Section: Arts

‘House of Toast’ poets discuss finding their identities

‘House of Toast’ poets discuss finding their identities

by Erica Rabito

For many across the United States and the globe, writing poetry is merely a fun hobby. For some, however, the hobby transforms into a lifelong passion. On Sunday, Nov. 1, Ohio poets Fred Andrle, Charlene Fix and Jerry Roscoe gathered at the Kenyon Bookstore to discuss the process of transitioning from writing poetry casually to being considered a full-fledged poet, and what it means to be a poet.

Moderated by Gambier-based XOXOX Press publisher Jerry Kelly ’96, Andrle, Fix and Roscoe each read selections from their works and discussed with the small but attentive crowd how they came to be involved in the world of poetry. For Fix, the passion for writing began at an extremely young age.

“I started writing poems when I was eight and that’s because I had a third-grade teacher who had us write poems, and she and I discovered that I could meter use and rhyme,” Fix said. “I think I’ve been writing poems ever since. I took a long break when I had children — I didn’t write a poem for 10 years, but I was thinking about it a lot, and then I suddenly started buying reams and reams of paper, and then I started writing again.”

Roscoe, however, began writing significantly later in life, while working two other jobs.

“I wrote my first poem when I was 23, and in a way that was a help because I thought, ‘Boy, I’m getting into this so late, I can write whatever I want,’” Roscoe said. “I’m not competing with these kids who have been doing this for 15 years.’ Letting reality speak for itself — that’s when I knew I was a writer.”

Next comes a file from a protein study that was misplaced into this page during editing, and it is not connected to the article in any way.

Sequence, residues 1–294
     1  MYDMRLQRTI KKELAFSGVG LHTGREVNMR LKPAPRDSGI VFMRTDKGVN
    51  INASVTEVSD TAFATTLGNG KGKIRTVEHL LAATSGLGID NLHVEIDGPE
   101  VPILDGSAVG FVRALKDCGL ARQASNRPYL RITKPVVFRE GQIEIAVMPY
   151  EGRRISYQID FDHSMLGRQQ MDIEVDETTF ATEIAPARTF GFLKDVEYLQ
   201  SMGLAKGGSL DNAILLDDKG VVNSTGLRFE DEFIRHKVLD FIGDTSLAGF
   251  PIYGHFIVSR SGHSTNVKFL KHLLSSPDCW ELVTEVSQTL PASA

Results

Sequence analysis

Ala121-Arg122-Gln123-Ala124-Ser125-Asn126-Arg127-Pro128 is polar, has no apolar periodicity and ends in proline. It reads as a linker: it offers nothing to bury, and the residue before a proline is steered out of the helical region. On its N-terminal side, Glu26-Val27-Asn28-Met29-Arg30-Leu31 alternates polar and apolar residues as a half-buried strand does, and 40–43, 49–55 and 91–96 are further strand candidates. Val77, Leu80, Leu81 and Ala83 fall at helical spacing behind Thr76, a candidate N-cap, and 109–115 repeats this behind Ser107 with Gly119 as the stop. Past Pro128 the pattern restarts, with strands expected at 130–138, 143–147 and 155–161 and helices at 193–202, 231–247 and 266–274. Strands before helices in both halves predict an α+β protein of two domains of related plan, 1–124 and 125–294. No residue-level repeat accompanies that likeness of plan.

Regardless of when these poets first began writing, they are now all members of the “House of Toast,” a group of Ohio-based poets founded in 1995 as a way for writers to share their work with a group and receive feedback and criticism in a safe and encouraging environment. At the panel Andrle described the activities and dynamic of the group, and how it has continued to promote his writing and the writing of its other members.

“We’ve been meeting once a month for 19 years to critique each other’s poems,” Andrle said. “What we do is meet, and then we discuss the poem and offer suggestions for how the poem may be improved. We give advice in a very generous and friendly manner, I think, and we’ve established a certain level of trust in each other over the years.”

With the help of their fellow House of Toast members, all three poets have published multiple books of their poems, and in doing so have found a way to share their art and their passion with the world. According to Andrle, however, the “poet”  label doesn’t matter. “We write because we love to write,” he said.


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